It’s Time for National Reciprocity

As a Soldier, I’ve traveled this country from coast to coast as the Army moved me to new duty stations. Thankfully, all of my duty stations were in the South, except for Fort Irwin and training at the Defense Language Institute Foreign Language Center in Monterey. Technically, Maryland is in “the South,” even though most people wouldn’t consider it to be any part of southern culture. So, even that duty station was technically in the south despite the fact we don’t want her.

As I’ve traveled this country, most of my rights have been protected irrespective of state borders. My right to free speech was no different while stationed in the D.C. area than it was in the Mojave Desert of California. My right to vote was unencumbered as much at Fort Ord as it was at Fort Hood. My right to be free of illegal searches and seizures was absolute whether I was in Huntsville, Alabama, or Hinesville, Georgia.

So, why is my right to keep and bear arms somehow different? I know the sycophants in the gun control crowd yell that people can’t be killed by free speech (yet they love to use the “yell fire in a crowded theater” excuse where being trampled could kill someone) or voting (tell that to all the countries our elected leaders have bombed). The right of a law abiding citizen to carry a firearm in defense of himself or others should be inviolable in every single state just as the rest of the Constitution is.

The problem with the patchwork of gun laws in the United States is that it requires a citizen who travels to understand all the intricacies of the laws each time he crosses a border. Nothing other right is like that. I know when I cross borders that I have to drive the speed limit, can’t rob a store, need to move over for a police officer or ambulance to pass with his lights on, should only use one parking space, can’t assault or murder people, must have a driver’s license, etc. The basic rules in every state are the same, but the right to keep and bear arms is a patchwork of over 20,000 gun laws that change depending on where you plant your feet.

The driver license is a good example of how messed up our right to keep and bear arms is. Each state in the Union has much different training requirements to obtain a driver’s license. However, that doesn’t mean that a driver’s license in the State of California isn’t recognized in Idaho simply because the way in which they license and what training is required to receive one is different.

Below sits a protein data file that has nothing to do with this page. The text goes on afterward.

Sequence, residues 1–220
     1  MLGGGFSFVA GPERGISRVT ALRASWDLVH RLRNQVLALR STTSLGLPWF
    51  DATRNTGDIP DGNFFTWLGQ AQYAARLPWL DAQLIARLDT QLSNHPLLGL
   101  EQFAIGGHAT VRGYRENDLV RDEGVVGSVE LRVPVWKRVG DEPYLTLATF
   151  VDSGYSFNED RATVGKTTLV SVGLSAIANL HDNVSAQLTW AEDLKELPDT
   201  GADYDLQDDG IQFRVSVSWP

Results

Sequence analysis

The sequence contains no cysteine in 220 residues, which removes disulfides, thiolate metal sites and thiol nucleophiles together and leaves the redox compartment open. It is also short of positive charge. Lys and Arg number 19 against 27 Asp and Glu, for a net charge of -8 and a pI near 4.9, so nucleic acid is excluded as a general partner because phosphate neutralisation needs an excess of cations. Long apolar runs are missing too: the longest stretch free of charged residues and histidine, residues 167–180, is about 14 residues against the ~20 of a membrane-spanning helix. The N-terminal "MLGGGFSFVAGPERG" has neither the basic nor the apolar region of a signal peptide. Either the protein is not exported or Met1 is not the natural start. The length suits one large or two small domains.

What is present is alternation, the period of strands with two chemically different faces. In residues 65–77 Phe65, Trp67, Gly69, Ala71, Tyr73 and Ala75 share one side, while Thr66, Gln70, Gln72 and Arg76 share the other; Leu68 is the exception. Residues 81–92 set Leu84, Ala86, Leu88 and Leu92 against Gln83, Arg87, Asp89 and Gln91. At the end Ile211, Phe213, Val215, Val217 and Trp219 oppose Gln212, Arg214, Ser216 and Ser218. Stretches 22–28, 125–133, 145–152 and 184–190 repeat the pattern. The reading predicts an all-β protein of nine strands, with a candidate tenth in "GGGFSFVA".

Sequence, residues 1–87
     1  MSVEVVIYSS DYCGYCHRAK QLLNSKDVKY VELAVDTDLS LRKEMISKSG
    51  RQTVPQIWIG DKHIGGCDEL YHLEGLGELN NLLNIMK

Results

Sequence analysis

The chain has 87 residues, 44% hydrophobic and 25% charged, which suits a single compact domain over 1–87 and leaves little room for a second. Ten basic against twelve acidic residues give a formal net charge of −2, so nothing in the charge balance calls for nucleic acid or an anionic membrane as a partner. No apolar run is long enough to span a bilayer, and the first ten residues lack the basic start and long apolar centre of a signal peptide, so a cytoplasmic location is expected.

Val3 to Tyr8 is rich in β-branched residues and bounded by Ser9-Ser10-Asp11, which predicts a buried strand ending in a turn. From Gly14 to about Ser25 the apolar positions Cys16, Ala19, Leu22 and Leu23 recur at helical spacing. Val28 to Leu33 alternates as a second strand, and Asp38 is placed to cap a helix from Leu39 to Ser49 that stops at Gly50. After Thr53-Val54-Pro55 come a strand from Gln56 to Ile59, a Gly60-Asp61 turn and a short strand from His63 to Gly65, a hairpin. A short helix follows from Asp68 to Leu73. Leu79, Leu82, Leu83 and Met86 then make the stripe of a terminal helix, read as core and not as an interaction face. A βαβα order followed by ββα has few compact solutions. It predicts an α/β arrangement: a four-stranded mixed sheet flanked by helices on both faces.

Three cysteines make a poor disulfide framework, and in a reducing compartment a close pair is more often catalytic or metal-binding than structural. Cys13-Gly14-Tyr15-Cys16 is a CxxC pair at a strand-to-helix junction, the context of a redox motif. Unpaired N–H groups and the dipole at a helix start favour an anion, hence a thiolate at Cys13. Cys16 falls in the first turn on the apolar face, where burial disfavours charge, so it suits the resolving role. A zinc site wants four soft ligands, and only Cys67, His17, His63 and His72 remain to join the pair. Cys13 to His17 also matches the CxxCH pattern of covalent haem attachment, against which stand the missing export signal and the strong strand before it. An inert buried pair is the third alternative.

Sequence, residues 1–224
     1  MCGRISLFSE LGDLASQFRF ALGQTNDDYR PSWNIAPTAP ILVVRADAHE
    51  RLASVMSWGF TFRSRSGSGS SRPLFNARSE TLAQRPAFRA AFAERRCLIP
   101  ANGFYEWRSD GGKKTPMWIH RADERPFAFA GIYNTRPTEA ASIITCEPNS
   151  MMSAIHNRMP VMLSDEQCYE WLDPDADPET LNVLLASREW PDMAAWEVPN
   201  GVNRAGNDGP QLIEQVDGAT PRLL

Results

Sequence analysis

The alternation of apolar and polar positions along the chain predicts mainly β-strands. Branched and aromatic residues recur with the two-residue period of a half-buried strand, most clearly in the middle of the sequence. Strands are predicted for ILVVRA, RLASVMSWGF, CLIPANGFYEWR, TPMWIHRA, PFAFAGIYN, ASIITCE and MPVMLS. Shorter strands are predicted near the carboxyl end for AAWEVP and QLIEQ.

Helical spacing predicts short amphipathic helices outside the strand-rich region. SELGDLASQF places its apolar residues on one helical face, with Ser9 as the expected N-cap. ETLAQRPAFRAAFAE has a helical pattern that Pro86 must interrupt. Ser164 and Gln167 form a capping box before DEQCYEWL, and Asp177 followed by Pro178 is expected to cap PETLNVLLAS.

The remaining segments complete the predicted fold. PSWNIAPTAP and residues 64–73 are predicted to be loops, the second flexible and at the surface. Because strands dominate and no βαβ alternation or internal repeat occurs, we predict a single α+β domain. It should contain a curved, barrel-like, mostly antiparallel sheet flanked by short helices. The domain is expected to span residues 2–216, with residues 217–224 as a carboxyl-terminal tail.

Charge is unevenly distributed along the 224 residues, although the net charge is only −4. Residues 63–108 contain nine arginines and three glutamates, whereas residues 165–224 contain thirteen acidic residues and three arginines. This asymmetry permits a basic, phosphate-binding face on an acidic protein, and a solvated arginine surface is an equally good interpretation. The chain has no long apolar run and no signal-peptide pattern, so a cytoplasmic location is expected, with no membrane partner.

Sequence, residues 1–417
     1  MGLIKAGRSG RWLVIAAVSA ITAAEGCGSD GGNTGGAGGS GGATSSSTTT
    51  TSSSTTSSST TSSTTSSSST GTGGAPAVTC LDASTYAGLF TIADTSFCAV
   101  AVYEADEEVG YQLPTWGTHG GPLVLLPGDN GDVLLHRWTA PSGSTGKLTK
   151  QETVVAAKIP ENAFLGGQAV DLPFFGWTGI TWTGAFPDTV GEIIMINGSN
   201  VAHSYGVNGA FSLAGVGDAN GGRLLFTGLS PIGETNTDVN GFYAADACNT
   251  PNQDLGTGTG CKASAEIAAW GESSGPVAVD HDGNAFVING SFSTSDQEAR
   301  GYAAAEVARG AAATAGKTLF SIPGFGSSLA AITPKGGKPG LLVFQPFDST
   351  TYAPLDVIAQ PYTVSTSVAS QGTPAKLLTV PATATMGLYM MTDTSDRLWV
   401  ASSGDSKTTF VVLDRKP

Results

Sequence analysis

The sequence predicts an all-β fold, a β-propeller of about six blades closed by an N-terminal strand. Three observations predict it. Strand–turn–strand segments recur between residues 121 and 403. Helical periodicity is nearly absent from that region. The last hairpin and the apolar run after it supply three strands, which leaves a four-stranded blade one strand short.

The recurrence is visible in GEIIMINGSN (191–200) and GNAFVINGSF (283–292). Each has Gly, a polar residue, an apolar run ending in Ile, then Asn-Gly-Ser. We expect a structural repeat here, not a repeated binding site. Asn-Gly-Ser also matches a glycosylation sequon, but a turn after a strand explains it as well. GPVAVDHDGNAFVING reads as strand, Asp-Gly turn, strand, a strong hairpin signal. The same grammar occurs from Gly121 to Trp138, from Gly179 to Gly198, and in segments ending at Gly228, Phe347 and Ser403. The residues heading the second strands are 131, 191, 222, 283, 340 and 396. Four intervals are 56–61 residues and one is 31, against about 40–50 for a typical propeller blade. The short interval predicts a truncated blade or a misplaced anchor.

A person traveling from Georgia to New Hampshire along I-95 – both states with good gun laws – with a gun in their vehicle would need some good luck making it through Maryland, New Jersey, or New York without becoming a criminal. How you carry along 2/3 of that round is perfectly legal until you hit that imaginary line. John Lott recently noted that, leaving out New York and California, 8% of Americans have a permit to carry a firearm. As we know, there are 33 states that don’t require a permit to carry in some form, so the number of Americans legally carrying with our without a permit is perhaps much higher.

Initially, I was a bit critical of the Concealed Carry Reciprocity Act of 2017 because I’m a big state’s rights proponent; however, I don’t think this is a state’s rights issue anymore. The right to keep and bear arms is a natural right, not limited by artificial boundaries that call themselves states. Therefore, if a state is infringing on a fundamental right, the federal government should and ought to step in force them to recognize it. We shouldn’t even need licensing to begin with and then we wouldn’t be having this problem. I’d rather see the Constitutional Carry Reciprocity Act of 2017 even though it’s not even needed – WE ALREADY HAVE THE CONSTITUTIONAL RIGHT TO CARRY! We don’t just have a right to keep arms; we have a right to bear them too! Until we get to that point, H.R. 38 is a necessary evil for now that needs to be passed. The bill already has over 200 sponsors and since they aren’t doing anything about ObummerCare or lowering taxes, they should at least force the states to obey the constitution (yes, I know the irony in that statement).

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